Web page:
If the issue wasn’t properly addressed or resolved during the call, consider escalating it to a supervisor or manager of the bank. Ask to speak to someone who has the authority to provide additional support. If that still doesn’t work out and the issue persists, most banks have a complaint process that can be accessed through their website or by calling. Be prepared to provide detailed information about your issue, including any steps you’ve taken to resolve it.

You also might want to consider leaving a review of your experience with the bank, which can provide helpful feedback for the bank and potentially prompt it to make future improvements.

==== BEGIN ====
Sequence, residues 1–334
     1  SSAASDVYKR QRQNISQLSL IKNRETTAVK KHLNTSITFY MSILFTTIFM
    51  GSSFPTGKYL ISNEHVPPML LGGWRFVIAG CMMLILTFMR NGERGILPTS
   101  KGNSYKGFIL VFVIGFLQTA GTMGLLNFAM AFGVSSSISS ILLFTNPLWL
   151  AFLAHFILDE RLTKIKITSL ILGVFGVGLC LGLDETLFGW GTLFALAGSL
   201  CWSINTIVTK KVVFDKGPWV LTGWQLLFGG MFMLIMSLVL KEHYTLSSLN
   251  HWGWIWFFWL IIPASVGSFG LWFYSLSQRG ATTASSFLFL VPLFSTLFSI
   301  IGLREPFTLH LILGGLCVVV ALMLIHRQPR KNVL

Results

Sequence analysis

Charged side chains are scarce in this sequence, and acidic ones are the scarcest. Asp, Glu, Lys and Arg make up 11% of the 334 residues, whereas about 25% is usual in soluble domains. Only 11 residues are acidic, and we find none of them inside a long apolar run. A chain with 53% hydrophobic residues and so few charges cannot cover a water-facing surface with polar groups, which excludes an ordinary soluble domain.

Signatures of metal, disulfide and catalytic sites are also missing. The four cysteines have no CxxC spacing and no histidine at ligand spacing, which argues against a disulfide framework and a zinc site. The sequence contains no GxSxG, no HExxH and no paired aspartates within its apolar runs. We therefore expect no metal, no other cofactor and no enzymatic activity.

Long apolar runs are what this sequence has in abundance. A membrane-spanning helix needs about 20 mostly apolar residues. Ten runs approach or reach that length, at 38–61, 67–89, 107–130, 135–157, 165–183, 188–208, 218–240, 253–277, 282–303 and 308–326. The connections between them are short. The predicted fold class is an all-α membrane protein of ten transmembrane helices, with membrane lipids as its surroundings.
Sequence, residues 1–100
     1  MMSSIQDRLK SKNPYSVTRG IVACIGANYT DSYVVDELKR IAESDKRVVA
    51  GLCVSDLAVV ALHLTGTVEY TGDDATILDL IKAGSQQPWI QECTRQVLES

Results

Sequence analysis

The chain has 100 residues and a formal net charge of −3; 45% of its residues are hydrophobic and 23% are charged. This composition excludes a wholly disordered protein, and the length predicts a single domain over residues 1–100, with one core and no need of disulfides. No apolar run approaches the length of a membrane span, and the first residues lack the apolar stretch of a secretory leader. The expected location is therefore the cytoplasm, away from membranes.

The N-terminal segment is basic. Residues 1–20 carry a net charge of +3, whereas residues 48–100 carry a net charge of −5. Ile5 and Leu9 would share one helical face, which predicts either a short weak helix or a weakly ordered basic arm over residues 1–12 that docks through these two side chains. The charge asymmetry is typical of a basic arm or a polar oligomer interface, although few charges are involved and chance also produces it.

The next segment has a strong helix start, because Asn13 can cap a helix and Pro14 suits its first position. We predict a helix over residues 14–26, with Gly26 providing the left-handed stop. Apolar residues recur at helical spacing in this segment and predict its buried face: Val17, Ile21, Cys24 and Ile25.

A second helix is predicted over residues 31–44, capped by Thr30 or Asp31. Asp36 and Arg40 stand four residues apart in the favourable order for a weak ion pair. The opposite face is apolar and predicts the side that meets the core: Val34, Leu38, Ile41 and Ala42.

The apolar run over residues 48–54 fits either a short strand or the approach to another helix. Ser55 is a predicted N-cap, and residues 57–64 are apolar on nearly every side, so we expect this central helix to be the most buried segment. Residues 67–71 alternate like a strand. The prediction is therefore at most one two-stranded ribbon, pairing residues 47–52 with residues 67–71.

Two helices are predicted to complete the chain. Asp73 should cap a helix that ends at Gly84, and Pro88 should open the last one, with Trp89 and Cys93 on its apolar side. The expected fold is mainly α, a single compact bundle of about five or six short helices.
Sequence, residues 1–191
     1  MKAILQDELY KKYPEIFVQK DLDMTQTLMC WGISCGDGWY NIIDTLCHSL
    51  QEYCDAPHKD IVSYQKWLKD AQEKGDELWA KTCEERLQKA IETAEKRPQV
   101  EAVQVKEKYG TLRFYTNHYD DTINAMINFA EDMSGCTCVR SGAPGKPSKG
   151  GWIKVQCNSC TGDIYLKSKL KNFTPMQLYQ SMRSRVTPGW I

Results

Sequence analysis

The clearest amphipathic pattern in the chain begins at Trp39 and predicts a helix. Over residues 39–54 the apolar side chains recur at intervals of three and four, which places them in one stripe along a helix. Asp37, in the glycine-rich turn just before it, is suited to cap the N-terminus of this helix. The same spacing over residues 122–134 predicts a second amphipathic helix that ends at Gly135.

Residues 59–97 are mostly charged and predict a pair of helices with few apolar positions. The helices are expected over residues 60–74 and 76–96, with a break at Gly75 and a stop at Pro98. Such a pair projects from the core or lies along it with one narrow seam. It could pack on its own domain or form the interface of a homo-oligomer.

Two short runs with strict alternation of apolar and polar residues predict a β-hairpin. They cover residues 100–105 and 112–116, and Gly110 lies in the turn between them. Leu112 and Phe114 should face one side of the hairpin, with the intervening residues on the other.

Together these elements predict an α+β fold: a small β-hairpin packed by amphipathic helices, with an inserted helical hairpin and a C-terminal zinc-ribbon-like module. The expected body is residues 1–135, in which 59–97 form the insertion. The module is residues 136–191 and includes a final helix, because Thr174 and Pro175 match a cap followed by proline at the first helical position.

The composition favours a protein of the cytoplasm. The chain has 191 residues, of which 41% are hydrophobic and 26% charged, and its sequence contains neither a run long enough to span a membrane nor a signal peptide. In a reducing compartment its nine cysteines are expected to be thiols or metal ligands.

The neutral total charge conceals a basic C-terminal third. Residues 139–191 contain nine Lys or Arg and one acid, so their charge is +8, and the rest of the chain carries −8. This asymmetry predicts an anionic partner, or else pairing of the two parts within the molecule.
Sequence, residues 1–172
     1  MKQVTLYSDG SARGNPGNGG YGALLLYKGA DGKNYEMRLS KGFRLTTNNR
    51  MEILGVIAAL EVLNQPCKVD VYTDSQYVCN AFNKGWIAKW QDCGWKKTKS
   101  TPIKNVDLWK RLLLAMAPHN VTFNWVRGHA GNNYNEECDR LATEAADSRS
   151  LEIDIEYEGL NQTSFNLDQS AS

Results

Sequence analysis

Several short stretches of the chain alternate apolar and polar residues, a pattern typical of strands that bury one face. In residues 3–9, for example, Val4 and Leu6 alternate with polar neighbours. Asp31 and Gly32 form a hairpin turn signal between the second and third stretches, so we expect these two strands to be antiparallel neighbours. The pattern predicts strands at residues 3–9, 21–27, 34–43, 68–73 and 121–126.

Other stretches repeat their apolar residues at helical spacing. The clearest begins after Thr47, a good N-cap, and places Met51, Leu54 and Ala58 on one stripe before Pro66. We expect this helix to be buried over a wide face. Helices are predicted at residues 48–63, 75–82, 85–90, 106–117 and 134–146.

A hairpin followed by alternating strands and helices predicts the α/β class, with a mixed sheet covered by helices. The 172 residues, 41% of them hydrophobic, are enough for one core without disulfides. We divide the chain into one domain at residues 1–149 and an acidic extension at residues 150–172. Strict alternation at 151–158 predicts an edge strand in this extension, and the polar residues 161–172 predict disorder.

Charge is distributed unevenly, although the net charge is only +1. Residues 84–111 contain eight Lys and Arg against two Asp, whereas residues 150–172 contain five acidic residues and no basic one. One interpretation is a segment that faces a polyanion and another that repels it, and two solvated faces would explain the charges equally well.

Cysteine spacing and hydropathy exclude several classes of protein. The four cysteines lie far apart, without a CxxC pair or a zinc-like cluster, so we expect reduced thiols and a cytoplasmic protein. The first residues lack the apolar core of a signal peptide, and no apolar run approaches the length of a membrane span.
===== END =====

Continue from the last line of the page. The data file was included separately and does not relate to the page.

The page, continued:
Alternative ways to contact the bank

Customer service chats

Using a bank’s text/chat service can be a much quicker and more convenient way to get the information you need. Many banks now offer these options, allowing you to communicate with a customer service representative or even a virtual assistant (like Bank of America’s Erica) through a chat window on the bank’s website or mobile app.

If the problem can’t be resolved via chat, then you may be transferred to a live representative or have one call you at a later time.

Request a callback

Banks including Bank of America and First Hawaiian Bank will allow you to schedule a time to talk to someone. These callback services allow you to leave your phone number and receive a call from a representative when it’s your turn in the queue, rather than having to wait on the phone.

Social media